In a News Item towards the end of last year I expressed severe concerns about the future of our ash trees, the second most common native tree in Carmarthenshire after the oak. Ash Die back disease is now endemic and many of them lost their leaves in mid summer and the small branches and twigs began to fall.  I was concerned that they would not come back but many have recently come into leaf, albeit not vigorously. This is one of the finest old specimens I have found in our area putting up  good show. Whether for all of the ash this is just a last hurrah we will have to wait and see.




We had a number of exciting and enjoyable outings, somehow finding the time in a busy garden month. From masses of pics here are some of the best

 Malvern RHS Spring Festival one of the best for some years








 in its 60th year it was good to see the stand of the Hardy Plant Society win a Silver Gilt medal retracing the history of the Society and some of the plants beloved by its members


A variety of plant societies had a stand and this for me was the best, mounted by the British Iris Society. What a huge plant family with a long and fascinating history. Disappointing that it was only considered to merit a Silver Gilt medal by the RHS


 After that we needed a laugh which was immediately provided by an outlet serving Pimms!



Staying on after Malvern, not far away is Spetchley Park Gardens a favourite garden with a unique atmosphere, even or because of the rain! To find out more go to Sorry I couldn't get the link to work.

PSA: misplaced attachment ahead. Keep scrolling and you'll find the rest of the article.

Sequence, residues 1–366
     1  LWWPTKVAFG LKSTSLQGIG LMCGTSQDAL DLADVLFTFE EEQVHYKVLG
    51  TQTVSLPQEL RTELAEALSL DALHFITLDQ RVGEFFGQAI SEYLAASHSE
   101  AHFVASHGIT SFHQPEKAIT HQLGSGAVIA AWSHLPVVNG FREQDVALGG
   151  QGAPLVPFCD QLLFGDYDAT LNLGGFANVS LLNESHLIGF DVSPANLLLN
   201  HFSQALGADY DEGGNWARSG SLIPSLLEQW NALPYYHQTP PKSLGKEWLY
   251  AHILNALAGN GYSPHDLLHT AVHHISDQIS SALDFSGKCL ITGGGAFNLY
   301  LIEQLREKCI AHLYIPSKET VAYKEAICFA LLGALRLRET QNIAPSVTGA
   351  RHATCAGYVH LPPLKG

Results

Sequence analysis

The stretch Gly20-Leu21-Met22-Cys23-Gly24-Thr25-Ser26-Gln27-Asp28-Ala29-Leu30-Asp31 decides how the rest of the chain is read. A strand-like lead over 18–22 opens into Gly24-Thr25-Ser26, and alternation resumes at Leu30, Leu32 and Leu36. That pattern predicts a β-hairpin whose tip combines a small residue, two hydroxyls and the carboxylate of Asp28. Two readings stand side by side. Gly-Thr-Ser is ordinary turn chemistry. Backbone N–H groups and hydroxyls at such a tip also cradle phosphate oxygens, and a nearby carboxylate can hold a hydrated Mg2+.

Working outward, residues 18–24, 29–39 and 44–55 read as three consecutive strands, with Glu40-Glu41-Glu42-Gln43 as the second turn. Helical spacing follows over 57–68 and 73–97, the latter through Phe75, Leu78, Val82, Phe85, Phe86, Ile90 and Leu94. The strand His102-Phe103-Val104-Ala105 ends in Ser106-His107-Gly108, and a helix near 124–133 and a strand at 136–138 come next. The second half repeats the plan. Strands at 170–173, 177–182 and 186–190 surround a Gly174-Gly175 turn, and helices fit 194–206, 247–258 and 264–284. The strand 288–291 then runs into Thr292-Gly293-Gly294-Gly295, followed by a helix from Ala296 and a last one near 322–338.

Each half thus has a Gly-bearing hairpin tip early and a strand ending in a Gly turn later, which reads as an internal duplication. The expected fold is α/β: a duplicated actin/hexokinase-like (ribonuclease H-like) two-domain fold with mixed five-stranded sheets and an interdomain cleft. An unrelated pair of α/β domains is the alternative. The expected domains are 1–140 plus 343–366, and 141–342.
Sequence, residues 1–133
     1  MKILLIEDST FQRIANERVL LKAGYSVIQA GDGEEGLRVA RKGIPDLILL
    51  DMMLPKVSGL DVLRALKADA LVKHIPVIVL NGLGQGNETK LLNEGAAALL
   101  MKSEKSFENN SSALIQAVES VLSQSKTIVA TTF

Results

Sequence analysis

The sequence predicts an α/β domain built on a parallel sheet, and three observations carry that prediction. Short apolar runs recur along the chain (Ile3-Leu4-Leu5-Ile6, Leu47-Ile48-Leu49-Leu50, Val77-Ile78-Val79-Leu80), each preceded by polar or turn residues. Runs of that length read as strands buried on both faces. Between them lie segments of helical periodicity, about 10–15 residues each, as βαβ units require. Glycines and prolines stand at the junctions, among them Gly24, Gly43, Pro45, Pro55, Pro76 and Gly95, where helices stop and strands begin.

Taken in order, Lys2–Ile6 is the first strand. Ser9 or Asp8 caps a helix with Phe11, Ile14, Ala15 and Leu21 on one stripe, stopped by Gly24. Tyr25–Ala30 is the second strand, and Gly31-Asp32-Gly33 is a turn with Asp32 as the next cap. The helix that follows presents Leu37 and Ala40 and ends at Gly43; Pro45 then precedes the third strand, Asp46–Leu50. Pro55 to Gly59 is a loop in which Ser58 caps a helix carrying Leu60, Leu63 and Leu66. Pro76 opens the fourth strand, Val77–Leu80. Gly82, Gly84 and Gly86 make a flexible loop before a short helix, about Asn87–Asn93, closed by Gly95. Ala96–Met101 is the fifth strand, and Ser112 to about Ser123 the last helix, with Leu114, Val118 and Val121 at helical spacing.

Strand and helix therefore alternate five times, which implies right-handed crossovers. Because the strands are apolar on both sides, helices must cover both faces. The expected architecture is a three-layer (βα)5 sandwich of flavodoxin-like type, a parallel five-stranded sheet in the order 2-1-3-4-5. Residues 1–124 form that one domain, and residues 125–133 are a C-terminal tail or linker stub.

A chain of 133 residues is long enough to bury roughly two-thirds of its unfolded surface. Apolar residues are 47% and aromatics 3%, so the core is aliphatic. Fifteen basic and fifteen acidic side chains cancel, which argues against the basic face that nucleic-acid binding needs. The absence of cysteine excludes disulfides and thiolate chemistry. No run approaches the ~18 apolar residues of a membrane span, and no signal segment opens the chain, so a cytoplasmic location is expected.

A fantastic shrub stole the show in the walled garden. Can you identify it? It stumped me and by all accounts many other visitors too which makes me feel better!! Answer at the end.



Whilst in Worcestershire, a favourite spot for an asparagus lunch is the Round of Gras (the bundles that apsargus is tied into) at Badsey, Evesham




Clyne Gardens, Swansea

Nestled in a lush valley a few hundred metres from the sea and just a couple of miles from the city centre, is this jewel of a garden which is now managed by the City Council. Rhododendrons in profusion and a host of rare trees form the backdrop but there are many tender and moisture loving plants. Go the website for history and  information. Open all year round and free entry.




 The paper handkerchief tree davidia involucrata var.valmoriniana in glorious full bloom, one of nine in the garden!


 Emrothrium cocciheum, the so called Chilean fire bush


 Japanese bridge over the stream fed by the lake at the head of the garden



Swansea Bay 


Go and see it if you can.

 And over the late Bank Holiday a trip to Aberaeron for the annual plant fair in Alban Square,  a public space surrounded by Georgian houses in a seaside town that is famous for them.


 ANSWER TO THE QUESTION POSED EARLIER. The shrub at Spetchley Park is viburnum macrocephalum. It is rather tender hence the wall it was growing up.

Finally we will be selling our plants at Gelli Mydog, Myddfai SA20 0JQ which our friends Robert and Barry are opening for the NGS for a second year, on 11 June 12.00 - 5.00 pm.  We have a very good range of plants for sale and the gardens are well worth seeing:- large borders and stream garden, superb manicured lawns, wildflower meadow and wide ranging views of upland country.  Teas; Signposted from Llandovery and Llangadog. Look for NGS Yellow Signs. Do please come if you can.

Let us hope we all have a good June to enjoy our gardens at one of the best times of the year. Thanks for reading.